If the filters are chosen so that g(t) will satisfy the Nyquist ISI criterion, then there will be no intersymbol interference and the value of the sum will be zero, so:
z[k] = n_r [k] + v[k] g[0]
the transmission will be affected only by noise.
Probability of error
The probability density function of having an error of a given size can be modelled by a Gaussian function; the mean value will be the relative sent value, and its variance will be given by:
\sigma_N^2 = \int_{\infty}^{+\infty} \Phi_N (f) \cdot H_r (f)^2 df
where \Phi_N (f) is the spectral density of the noise within the band and Hr (f) is the continuous Fourier transform of the impulse response of the filter hr (f).
The probability of making an error is given by:
P_e = P_{eH_0} \cdot P_{H_0} + P_{eH_1} \cdot P_{H_1} + \cdots + P_{eH_{L1}} \cdot P_{H_{L1}}
where, for example, P_{eH_0} is the conditional probability of making an error given that a symbol v0 has been sent and P_{H_0} is the probability of sending a symbol v0.
If the probability of sending any symbol is the same, then:
P_{H_i} = \frac{1}{L}
If we represent all the probability density functions on the same plot against the possible value of the voltage to be transmitted, we get a picture like this (the particular case of L = 4 is shown):
The probability of making an error after a single symbol has been sent is the area of the Gaussian function falling under the functions for the other symbols. It is shown in cyan for just one of them. If we call P+ the area under one side of the Gaussian, the sum of all the areas will be: 2 L P^+  2 P^+. The total probability of making an error can be expressed in the form:
P_e = 2 \left( 1  \frac{1}{L} \right) P^+
We have now to calculate the value of P+. In order to do that, we can move the origin of the reference wherever we want: the area below the function will not change. We are in a situation like the one shown in the following picture:
it does not matter which Gaussian function we are considering, the area we want to calculate will be the same. The value we are looking for will be given by the following integral:
P^+ = \int_{\frac{A g(0)}{L1}}^{\infty} \frac{1}{\sqrt{2 \pi} \sigma_N} e^{\frac{x^2}{2 \sigma_N^2}} d x = \frac{1}{2} \operatorname{erfc} \left( \frac{A g(0)}{\sqrt{2} (L1) \sigma_N} \right)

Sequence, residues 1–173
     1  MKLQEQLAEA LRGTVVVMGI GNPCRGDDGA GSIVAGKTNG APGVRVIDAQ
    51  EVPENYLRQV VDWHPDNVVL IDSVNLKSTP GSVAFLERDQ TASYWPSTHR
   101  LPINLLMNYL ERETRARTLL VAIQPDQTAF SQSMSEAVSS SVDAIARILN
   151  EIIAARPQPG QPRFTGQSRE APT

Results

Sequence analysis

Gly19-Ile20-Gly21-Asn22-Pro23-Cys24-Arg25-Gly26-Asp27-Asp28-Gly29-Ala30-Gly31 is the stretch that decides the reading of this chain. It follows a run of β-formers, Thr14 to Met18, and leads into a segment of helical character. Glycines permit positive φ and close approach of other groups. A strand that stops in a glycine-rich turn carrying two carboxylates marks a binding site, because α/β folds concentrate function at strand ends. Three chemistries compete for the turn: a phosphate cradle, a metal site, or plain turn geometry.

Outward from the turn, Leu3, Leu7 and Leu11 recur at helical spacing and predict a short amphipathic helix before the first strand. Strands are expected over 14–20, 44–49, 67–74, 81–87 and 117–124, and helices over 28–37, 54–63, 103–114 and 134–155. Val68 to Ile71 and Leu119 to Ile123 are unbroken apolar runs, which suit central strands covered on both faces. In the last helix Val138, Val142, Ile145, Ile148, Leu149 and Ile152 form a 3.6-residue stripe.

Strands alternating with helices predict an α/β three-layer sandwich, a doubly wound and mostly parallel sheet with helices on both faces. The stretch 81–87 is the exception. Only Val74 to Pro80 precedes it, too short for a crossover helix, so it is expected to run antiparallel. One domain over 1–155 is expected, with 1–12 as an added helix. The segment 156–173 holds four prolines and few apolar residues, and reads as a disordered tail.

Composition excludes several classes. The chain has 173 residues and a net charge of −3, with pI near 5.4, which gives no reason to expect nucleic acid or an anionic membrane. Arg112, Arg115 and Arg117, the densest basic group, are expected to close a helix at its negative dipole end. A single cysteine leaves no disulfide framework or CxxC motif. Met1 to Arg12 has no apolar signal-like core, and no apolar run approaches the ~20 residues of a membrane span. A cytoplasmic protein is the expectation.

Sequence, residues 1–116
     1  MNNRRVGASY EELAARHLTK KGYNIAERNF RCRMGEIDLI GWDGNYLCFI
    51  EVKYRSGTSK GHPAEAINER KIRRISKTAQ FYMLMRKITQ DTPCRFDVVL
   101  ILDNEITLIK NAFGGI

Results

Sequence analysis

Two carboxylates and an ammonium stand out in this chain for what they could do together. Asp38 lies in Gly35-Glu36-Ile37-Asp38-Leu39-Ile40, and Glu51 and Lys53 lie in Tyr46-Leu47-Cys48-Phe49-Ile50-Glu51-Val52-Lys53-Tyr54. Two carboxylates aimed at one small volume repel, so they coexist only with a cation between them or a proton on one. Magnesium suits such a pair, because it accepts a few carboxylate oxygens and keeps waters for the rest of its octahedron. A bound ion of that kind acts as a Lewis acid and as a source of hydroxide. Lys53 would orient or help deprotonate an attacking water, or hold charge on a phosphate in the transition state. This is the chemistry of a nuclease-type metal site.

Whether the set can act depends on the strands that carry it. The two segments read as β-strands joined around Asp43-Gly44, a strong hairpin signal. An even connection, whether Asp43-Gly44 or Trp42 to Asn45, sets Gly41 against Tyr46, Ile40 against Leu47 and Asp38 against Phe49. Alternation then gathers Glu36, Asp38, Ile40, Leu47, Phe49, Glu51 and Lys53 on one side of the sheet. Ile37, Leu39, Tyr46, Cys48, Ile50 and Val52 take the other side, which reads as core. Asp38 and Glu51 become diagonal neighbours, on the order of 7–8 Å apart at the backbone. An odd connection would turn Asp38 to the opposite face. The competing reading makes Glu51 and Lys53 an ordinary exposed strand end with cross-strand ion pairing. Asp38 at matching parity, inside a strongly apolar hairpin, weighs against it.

where erfc() is the complementary error function. Putting all these results together, the probability to make an error is:
from this formula we can easily understand that the probability to make an error decreases if the maximum amplitude of the transmitted signal or the amplification of the system becomes greater; on the other hand, it increases if the number of levels or the power of noise becomes greater.
This relationship is valid when there is no intersymbol interference, i.e. g(t) is a Nyquist function.
See also
External links

Calculating the Sensitivity of an Amplitude Shift Keying (ASK) Receiver
This article was sourced from Creative Commons AttributionShareAlike License; additional terms may apply. World Heritage Encyclopedia content is assembled from numerous content providers, Open Access Publishing, and in compliance with The Fair Access to Science and Technology Research Act (FASTR), Wikimedia Foundation, Inc., Public Library of Science, The Encyclopedia of Life, Open Book Publishers (OBP), PubMed, U.S. National Library of Medicine, National Center for Biotechnology Information, U.S. National Library of Medicine, National Institutes of Health (NIH), U.S. Department of Health & Human Services, and USA.gov, which sources content from all federal, state, local, tribal, and territorial government publication portals (.gov, .mil, .edu). Funding for USA.gov and content contributors is made possible from the U.S. Congress, EGovernment Act of 2002.
Crowd sourced content that is contributed to World Heritage Encyclopedia is peer reviewed and edited by our editorial staff to ensure quality scholarly research articles.
By using this site, you agree to the Terms of Use and Privacy Policy. World Heritage Encyclopedia™ is a registered trademark of the World Public Library Association, a nonprofit organization.